Irish “patients” play a crucial role in facing France


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There was no hint of mind games when head coach Adam Griggs suggested France will pose a different test in Wales when Ireland host Les Bleus at Energia Park this weekend (live on RTÉ 2, kick off at 2:15 p.m.).

A 45-0 demolition job in Cardiff gives the side confidence ahead of Saturday’s game, but a victory over a side which put 53 points over the hapless Welshman the week before will indeed be a tall order.

Ranked fourth in the world and England’s main rivals at the Six Nations, they have finished outside the top two in the competition just twice since 2010, with three titles in that span.

Add a third place finish in the last two World Cups, a 30-point margin in their last game against the women in green, plus resources to eclipse those Ireland have, then there’s no fear. complacency despite the victory that lifts morale. Last weekend.

“They have threats all over the park,” Griggs told RTÉ Sport. ” You watch [Pauline] Bumblebee at nine and [Caroline] Boujard on the wing, two players that I think we need to make sure we keep a cover on from the start.

Pauline Bourdon is a key figure for France

“We have to aim to slow their ball down. If they get a ball early they’re really dangerous on offense. “

“For us in attack, it’s about being patient and winning the right to play.

We are really excited to see where we are on our journey

“I think we overplayed a few times last week, and maybe that’s how the game opened, but I know this week will be a different test, so we have to be patient before we look to them. expose widely, if we can.

“We’ve talked about testing ourselves against world-class opposition and we’re really excited to see where we are on our journey and see how we come together. “

A 31-point lead in the interval is unlikely to be repeated this weekend, although Griggs is not unduly worried about the second-half drop to Wales given how rusty the players are.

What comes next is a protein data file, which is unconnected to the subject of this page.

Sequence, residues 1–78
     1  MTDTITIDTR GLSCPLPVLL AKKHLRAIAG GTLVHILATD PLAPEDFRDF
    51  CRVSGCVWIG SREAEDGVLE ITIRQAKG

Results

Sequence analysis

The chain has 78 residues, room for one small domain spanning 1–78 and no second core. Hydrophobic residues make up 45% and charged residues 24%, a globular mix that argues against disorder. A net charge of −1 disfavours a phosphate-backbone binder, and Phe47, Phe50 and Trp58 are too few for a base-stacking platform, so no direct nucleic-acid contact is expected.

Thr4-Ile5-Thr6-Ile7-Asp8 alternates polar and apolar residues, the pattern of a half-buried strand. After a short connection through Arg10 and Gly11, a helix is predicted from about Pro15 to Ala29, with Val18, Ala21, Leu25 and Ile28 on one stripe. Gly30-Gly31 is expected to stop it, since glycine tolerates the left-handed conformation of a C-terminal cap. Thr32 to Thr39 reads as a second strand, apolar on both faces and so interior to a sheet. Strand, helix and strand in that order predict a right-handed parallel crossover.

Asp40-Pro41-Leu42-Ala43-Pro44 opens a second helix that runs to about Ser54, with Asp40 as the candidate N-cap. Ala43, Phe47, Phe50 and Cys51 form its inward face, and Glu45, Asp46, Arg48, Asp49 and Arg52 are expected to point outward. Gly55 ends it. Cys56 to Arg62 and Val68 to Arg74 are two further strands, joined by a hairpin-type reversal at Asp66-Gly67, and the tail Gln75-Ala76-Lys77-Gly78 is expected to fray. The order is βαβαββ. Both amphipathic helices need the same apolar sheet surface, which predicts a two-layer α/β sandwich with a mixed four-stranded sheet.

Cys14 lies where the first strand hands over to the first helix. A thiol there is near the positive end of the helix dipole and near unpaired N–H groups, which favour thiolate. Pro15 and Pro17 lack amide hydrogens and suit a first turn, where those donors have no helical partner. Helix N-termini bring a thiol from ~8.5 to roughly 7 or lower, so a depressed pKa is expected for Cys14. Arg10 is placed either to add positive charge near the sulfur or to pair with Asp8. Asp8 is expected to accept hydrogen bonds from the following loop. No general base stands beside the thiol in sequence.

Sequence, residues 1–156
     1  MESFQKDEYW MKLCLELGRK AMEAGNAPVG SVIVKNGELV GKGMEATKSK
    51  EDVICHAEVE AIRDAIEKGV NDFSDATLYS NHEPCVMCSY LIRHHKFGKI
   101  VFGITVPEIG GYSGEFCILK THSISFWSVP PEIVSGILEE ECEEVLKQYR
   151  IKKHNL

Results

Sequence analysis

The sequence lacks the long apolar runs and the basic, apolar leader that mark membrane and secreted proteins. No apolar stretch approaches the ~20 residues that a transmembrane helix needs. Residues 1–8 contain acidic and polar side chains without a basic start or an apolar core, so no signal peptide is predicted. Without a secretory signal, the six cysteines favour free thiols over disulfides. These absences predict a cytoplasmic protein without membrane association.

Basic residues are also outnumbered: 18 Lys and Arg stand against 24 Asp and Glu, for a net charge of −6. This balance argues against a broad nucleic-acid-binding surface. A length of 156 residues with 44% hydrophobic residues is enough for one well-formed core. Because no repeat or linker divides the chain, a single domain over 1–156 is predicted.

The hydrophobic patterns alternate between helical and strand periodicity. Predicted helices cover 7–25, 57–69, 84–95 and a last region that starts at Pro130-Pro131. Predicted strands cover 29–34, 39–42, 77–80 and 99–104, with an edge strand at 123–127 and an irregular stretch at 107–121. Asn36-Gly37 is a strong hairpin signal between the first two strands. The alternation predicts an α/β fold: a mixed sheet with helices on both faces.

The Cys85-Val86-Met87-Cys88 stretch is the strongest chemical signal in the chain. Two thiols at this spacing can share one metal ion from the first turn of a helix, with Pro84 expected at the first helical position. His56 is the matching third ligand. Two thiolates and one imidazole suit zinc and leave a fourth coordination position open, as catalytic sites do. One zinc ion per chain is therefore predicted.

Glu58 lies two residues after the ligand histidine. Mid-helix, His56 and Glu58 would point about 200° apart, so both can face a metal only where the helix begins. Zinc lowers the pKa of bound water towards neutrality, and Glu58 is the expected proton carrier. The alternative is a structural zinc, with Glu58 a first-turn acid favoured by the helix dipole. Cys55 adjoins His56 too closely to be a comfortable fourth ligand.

“I think it’s natural, we haven’t played for a long time,” but he said the 10 minutes on either side of the break was crucial in managing their game.

Unsurprisingly, Griggs has chosen to keep the faith with the squad that have performed so well at Cardiff and believe what the coaches are trying to push through in training is starting to pay off.

A lack of playing time during the pandemic has been deeply felt at times, but it has allowed Griggs to put more of an imprint on players, with around 20 camps since the Covid breakthrough.

In the restructured Six Nations format, the winner of the Donnybrook fixture will lead Pool B after defeating Wales with the England holder finishing atop a Pool A that contained Italy and Scotland.

The winners of each pool will compete for the title on a final day on April 24. On the same day, the second plays second and the third plays the third.

Parsons and his full-backs may have fewer opportunities to go out on Saturday, but the coaching staff are not concerned that the new team may somehow be overwhelmed by the challenge.

When it comes to Griggs, the onus is on him and his backroom team to focus on the job at hand.

“We certainly tried to keep our feet on the ground [after Wales victory] and there was a lot going on when we reviewed the footage from the weekend where we can be better. It’s about getting those messages out to the players.

“If we can focus on the parts of the game that we want to improve, I have no reason [to believe] we will not be competitive and will put France under the pump.

“That’s the message around the small parts of the game where we can be better. We focus on ourselves. “

Follow Ireland-France (2:15 p.m., Saturday) via our live blog on and the RTÉ News app or watch live on RTÉ2 or RTÉ Player, listen live on RTÉ Radio 1 on Saturday Sport.

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